Two million West Lothian residents have used food network over last year

By Stuart Sommerville

Almost two million people across West Lothian have relied on the county’s Food Network organisation for meals in the last year.

And while the daily numbers have dropped recently the threat of an uncertain winter economically has the network preparing for a seasonal surge in demand.

The council's Executive agreed to provide a further £272,011 to the West Lothian Food Network (WLFN) to support households facing food insecurity up to March 2022.

This takes the total funding for WLFN to £1.2 million for years 2021/22 and 22/23, which has helped them provide over 1.8 million meals from May 2020 to July 2021. Over 80% of those accessing the network report they are financially at risk, on a low income and/or unemployed.

Meanwhile West Lothian’s Foodbank, which co-ordinates the network, has just moved with the help of the council’s Property Services, to expanded headquarters on the Whitehill Industrial estate in Bathgate.

The premises provide a new home to serve the charities in the food network. There is storage space, walk-in fridges, walk-in freezers, a fleet of four vans and a dedicated team of staff and volunteers.

A report to the council Executive detailed the work that has gone since the inception of the Food network in May 2020.

Since launch it has grown its membership from 26 community providers to 39 covering the whole of West Lothian. From May 2020 to the end of July 2021, the network has provided a total of 1,818,642 meals and, on average, just over 4,000 people have been fed each week.

Figures from February to August 2021 show a reduction from a high of 4,218 people per week in April to 3,533 people per week in August.

Over 80% of those who have used the network indicated that they were financially at risk, on a low income and/or unemployed. The distribution includes a combination of cooked food delivered to homes, food parcels, local pantries to go and collect food, as well as providing toiletries, cleaning products, baby food and pet food.

A report by Anti- Poverty Manager Elaine Nisbet said: “Given the on-going Covid-19 pandemic, pressure on household budgets, the end of the furlough scheme, the removal of the Universal Credit Uplift along with increased energy and food costs, it is expected that this demand will remain for some time. Winter is normally when there is an increased demand on community food providers.”

The food network has also played a big role in reducing the amount of waste. It has acquired 105 tonnes of food for free from 38 sources across the private, public and third sector and 192 tonnes of food has been purchased through the funding from the council.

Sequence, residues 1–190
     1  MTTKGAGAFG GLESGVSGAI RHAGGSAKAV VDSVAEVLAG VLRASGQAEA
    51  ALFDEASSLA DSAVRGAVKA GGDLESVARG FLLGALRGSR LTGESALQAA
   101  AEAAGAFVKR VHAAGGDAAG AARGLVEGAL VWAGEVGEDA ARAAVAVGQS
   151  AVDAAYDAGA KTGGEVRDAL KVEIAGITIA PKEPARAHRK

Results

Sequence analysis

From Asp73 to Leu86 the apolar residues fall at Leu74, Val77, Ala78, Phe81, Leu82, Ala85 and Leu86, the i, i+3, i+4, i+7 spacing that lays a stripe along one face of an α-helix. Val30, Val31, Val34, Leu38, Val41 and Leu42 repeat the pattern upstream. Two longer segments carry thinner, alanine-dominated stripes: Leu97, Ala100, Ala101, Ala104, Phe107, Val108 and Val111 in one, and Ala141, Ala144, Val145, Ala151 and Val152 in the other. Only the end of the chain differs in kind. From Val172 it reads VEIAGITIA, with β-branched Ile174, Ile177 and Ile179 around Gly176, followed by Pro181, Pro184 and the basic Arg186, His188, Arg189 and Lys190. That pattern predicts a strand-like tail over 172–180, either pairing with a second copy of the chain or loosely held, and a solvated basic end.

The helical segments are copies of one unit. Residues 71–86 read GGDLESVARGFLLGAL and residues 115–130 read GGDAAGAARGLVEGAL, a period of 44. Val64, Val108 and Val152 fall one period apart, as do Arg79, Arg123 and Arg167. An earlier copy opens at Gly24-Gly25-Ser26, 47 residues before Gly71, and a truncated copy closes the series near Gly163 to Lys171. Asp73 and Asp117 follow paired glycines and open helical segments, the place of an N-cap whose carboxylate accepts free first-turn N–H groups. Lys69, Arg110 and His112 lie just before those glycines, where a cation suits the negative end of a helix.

A total of 282 tonnes of food has been dispersed to meet the needs of communities throughout West Lothian, with 15 tonnes in stock.

Work is under way to research the local food companies in West Lothian to establish a contact database. Local businesses have received a letter to outline the aims of WLFN and meetings have been arranged to discuss taking their surplus stock to save them costs of disposal of food items which, in turn, will be reused for the local community. This is at an early stage of development but an arrangement has already been agreed with Hornigs - a black pudding and haggis manufacturer in West Calder.

The network is also supporting the local economy and the Black, Asian and Minority Ethnic (BAME) community, placing orders with local companies to maximise the amount of money that can be spent with West Lothian businesses and sourcing Afro-Caribbean foods locally.

Councillor Kirsteen Sullivan said: "My thanks go to the network for its continued support for people. It has made a significant contribution to our community wealth building effort and supporting local businesses at the same time. I think it's a really joined up effort by the food network and I’d like my thanks to go on the record.”

Councillor Frank Anderson for the SNP said: “Following up on what Kirsteen has said, it’s to be welcomed, but it’s a sad indictment that it’s needed in the 21st century. I sincerely hope that demand is not increased by the removal of the £20 uplift.”

Council leader Lawrence Fitzpatrick said after the meeting: “Both the council and all members of WLFN share the firm belief that no-one in West Lothian needs to go hungry.

“It’s been a hugely successful partnership with all the organisations involved, and we are looking at ways to make this sustainable going forward, with early discussions with the National Lottery.”


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